Overcoming Facebook Addiction 2.0

Two and a half years ago, I posted about trying to overcome my addiction to Facebook. The fact that it’s my #1 blog post makes me realize that I’d better revisit the topic. Actually, I think this calls for an update, a confession/reflection, followed by penance and some small changes that we (yes, you, too!) can make to take control of our lives back. Come along, won’t you?

Okay, first, the hard part: confession! (Recovering Catholic, can’t ya tell?) If you’re “friends” with me on Facebook, you see that I’m sporadically on there; sometimes I’ve got crickets chirping, other times I’ve got one thought-provoking (hopefully) meme after another (weird how the good ones pop up all at once – Must. Hit. Share.). 


I must be an addict. What else would explain the amnesia that strikes when I find myself staring blankly at my phone (iPhone be damned!) thinking, “Mmmkay, well how’d that app open?” Seriously, zero recollection of opening it. It’s the only app I get the amnesia over. Think it’s a coincidence? (Side note: Is there a MySpace app? Or is that site just for musicians and stuff now?)

So, there we have it. The first step towards recovery is admitting you have a problem. And I do. 

I know Facebook isn’t a drug, and it isn’t all bad. Hell, most of my hits here (over 1,000 a month, thanks, guys!) are from FB. I don’t see myself able to ever give it up 100% because, honestly, I want this blog to spread its wings and soar with the eagles. Or at least some Canada geese. Love those birds.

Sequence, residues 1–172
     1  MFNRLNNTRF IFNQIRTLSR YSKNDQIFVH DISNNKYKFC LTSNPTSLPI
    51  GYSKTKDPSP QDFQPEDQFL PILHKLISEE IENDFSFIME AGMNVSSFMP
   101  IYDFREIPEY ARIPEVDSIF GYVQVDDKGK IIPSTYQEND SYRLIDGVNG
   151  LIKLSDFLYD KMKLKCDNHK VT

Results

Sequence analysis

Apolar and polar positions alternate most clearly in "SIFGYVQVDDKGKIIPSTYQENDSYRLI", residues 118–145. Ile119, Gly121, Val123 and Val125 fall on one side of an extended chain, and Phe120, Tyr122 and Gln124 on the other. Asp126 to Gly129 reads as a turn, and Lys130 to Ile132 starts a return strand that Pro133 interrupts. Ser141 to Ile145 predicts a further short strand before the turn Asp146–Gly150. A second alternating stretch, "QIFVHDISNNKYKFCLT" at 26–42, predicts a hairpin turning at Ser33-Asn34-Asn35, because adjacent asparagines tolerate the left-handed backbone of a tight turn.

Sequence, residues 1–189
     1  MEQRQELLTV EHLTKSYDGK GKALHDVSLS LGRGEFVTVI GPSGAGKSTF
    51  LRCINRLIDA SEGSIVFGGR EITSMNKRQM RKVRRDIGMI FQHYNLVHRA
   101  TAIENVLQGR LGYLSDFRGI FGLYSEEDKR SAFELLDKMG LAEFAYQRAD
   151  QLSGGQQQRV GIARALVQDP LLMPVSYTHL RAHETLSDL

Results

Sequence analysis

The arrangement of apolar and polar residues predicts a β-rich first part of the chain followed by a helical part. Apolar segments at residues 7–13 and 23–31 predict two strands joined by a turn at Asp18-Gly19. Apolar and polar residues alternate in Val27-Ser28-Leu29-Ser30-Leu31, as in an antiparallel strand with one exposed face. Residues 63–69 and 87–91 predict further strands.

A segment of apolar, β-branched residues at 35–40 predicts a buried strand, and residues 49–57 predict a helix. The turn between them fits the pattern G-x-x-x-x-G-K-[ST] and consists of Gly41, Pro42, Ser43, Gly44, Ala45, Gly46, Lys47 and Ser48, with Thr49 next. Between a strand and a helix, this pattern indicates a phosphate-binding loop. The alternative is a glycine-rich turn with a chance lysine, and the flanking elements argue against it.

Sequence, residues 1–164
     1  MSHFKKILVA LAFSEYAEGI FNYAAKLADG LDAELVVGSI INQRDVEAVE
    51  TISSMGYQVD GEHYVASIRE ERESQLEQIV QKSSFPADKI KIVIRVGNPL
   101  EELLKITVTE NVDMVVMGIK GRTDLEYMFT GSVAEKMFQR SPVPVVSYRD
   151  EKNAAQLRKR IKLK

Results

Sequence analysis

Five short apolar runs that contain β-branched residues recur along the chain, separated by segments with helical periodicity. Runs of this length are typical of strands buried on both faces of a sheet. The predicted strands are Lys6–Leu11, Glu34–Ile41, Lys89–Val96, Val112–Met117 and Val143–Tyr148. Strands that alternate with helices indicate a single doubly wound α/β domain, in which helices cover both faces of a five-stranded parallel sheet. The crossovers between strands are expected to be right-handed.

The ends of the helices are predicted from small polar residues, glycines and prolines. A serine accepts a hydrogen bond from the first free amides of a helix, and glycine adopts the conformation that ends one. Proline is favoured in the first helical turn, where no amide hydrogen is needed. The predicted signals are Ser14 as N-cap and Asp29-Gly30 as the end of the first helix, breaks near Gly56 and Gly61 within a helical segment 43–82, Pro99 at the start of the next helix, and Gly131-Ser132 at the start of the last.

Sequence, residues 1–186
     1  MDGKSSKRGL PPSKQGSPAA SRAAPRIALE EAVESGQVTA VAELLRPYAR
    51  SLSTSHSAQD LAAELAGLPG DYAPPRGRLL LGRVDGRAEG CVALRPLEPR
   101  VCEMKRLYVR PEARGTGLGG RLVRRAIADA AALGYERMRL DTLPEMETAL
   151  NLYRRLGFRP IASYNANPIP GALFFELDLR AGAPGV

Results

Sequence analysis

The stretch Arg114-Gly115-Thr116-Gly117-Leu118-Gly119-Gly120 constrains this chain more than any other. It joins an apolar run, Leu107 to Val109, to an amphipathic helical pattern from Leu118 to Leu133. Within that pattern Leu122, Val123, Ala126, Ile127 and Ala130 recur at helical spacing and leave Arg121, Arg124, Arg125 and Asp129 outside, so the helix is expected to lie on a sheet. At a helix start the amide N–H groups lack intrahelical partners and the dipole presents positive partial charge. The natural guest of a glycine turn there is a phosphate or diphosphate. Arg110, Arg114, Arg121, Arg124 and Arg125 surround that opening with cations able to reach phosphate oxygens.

But, at the same time, I’m sick of feeling owned. Like, I enjoy Pinterest and Instagram but I feel in control of the situation. A day (or a week) can go by easily without my having to check either. I also don’t allow myself to feel like crap (like so many others in articles and posts  I’ve read) by the beauteous projects and lives that people display. When and if that happens, I’ll revert to trolling home magazine sites for inspiration that I need and taking plain ol’ pictures to edit with Picassa. S’all good.

With Facebook, it’s not all good. There’s a smidgen of good surrounded by any variation of:

Drama – Personal, political (often one and the same), veiled posts trying to start something, and rude comments from people (both friend and stranger), and let’s just say I’ve fallen victim of the “public fight with a strong-willed stranger” a few times.
Fishing – I’ve got low self esteem and even I don’t do this. Soooo what does that say about you when you’re using FB to fish for compliments and validation? It’s even more interesting when no one bites… Awk-ward. Find life-fulfilling, honest ways to do this, folks.
Over-sharing – Hardly ever intriguing, usually disturbing, alarming, or obnoxiously immature.